Mosquito Breeding Control
Mosquito Control personnel focus on altering the environmental conditions that promote mosquito breeding by removing debris from creeks, ditches, and culverts to allow water to flow freely and thus eliminating stagnant water.
When habitat modification is not feasible, Mosquito Control technicians apply microbial insecticides such as BTI (bacillus thuringiensis israeliensis) and larvicidal oils to the mosquito breeding areas.
Mosquito Fish (Gambusia Abbinis)
Mosquito fish can eat 100 to 500 larvae per day. They are used in ponds, cisterns, irrigated fields, and marshy areas. The Health Department provides gambusia fish to the public for us in their garden pools and small landscape ponds.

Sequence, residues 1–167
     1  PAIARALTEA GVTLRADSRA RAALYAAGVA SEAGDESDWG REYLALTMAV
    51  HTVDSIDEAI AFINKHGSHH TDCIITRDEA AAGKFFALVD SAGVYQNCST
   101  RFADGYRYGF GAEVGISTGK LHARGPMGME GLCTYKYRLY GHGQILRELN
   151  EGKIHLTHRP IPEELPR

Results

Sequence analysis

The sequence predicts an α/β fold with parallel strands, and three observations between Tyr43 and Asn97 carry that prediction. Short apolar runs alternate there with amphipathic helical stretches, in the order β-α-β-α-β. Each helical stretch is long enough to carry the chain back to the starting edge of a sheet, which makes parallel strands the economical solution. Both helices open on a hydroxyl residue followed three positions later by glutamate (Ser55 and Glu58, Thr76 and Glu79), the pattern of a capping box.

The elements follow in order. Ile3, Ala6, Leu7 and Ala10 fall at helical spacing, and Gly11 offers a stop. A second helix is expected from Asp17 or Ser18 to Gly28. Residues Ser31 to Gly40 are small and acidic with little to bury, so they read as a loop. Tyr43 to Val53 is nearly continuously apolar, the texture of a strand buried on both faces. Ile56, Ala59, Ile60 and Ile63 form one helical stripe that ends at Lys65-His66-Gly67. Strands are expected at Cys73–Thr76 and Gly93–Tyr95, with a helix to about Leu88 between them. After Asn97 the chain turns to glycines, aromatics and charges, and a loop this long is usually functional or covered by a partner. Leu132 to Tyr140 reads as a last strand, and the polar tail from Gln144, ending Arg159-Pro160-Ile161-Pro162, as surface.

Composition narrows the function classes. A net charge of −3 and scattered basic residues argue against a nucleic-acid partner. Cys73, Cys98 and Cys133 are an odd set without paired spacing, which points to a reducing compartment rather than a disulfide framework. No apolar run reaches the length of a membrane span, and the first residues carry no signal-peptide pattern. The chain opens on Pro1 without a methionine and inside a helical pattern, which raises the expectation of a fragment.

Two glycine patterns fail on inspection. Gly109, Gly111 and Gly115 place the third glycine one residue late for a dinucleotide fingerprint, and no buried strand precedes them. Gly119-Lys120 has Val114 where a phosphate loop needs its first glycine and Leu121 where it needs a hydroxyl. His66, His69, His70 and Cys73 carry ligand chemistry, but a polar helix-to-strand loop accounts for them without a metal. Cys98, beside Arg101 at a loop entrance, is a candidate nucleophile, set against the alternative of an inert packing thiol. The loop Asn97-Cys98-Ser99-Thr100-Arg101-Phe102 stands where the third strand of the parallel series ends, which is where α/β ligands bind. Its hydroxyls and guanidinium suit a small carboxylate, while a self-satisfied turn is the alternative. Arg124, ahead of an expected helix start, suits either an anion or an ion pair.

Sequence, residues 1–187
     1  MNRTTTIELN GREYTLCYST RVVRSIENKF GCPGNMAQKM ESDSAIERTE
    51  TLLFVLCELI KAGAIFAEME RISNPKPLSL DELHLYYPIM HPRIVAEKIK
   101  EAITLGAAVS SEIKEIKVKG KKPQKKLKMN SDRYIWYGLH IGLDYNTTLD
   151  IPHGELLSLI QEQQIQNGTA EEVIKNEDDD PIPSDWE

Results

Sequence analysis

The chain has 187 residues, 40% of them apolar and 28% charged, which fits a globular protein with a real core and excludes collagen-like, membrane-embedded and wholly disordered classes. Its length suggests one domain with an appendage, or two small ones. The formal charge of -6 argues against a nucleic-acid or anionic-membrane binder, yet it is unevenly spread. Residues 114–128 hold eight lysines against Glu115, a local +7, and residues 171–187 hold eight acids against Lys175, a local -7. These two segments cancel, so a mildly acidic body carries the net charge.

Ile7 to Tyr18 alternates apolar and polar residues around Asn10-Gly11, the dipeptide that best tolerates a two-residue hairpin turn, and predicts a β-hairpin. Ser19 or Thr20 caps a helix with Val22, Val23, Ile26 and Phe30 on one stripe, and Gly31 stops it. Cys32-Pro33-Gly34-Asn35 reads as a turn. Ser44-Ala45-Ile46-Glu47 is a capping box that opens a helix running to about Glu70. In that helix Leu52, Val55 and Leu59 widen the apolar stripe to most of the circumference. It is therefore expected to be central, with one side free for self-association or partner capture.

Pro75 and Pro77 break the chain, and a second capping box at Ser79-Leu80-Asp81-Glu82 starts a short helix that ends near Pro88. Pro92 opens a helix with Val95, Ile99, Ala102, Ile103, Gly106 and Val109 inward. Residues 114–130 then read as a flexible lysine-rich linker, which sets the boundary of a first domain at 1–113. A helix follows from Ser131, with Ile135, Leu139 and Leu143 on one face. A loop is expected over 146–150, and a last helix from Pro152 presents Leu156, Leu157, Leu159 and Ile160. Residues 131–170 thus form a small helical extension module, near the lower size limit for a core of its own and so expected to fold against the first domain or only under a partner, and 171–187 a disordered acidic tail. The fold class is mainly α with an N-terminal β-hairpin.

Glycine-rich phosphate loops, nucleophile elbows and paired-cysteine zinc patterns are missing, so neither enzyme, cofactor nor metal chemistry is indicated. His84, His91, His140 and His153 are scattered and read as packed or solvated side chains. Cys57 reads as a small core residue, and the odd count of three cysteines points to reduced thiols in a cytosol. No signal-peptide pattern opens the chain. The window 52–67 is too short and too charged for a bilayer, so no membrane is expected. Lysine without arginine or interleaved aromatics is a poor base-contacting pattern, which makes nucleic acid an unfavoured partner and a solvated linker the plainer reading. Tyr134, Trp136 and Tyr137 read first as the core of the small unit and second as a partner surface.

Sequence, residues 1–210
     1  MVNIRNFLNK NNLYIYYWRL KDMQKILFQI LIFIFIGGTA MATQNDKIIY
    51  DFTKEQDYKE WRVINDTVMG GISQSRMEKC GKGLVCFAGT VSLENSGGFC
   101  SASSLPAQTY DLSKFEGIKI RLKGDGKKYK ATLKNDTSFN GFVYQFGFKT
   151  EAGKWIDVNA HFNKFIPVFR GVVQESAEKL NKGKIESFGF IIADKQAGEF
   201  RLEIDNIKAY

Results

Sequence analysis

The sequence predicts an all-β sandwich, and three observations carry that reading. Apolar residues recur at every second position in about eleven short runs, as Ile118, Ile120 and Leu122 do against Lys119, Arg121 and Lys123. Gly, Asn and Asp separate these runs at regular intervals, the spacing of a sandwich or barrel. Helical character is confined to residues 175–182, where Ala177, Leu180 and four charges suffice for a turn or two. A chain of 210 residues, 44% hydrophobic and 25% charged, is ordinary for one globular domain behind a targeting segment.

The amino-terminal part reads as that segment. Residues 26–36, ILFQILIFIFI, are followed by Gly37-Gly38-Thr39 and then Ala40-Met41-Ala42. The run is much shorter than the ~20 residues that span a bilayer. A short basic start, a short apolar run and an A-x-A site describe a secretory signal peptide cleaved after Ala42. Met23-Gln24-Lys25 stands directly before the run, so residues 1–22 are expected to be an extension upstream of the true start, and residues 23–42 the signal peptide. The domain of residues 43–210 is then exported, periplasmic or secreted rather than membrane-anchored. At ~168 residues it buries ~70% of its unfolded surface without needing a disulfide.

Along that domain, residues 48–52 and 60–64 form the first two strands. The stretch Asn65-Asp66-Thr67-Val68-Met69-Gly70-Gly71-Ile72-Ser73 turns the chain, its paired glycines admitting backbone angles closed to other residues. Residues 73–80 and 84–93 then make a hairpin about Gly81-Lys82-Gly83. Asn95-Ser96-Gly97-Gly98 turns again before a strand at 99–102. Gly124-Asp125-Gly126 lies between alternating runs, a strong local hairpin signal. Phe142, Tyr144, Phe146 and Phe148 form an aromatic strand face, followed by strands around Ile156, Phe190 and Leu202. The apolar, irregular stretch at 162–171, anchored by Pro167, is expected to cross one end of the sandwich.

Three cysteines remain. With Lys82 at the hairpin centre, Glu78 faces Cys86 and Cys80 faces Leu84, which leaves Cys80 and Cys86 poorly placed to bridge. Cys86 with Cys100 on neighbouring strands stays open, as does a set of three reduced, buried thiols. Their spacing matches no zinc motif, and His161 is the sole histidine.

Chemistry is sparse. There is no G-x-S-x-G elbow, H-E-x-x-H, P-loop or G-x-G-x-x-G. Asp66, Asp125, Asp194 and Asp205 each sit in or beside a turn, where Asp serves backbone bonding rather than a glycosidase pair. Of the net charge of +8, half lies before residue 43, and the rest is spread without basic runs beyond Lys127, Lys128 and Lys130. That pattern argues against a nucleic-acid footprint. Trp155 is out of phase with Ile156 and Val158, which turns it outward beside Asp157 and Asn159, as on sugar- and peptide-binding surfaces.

Only chemicals approved by the Environmental Protection Agency (EPA)
are used to kill adult mosquitoes as they breed. This is accomplished by dispensing concentrated EPA-approved insecticides in ultra-low volume amounts with truck-mounted equipment in the early hours of the morning before daybreak, during the time of year when mosquitoes breed most.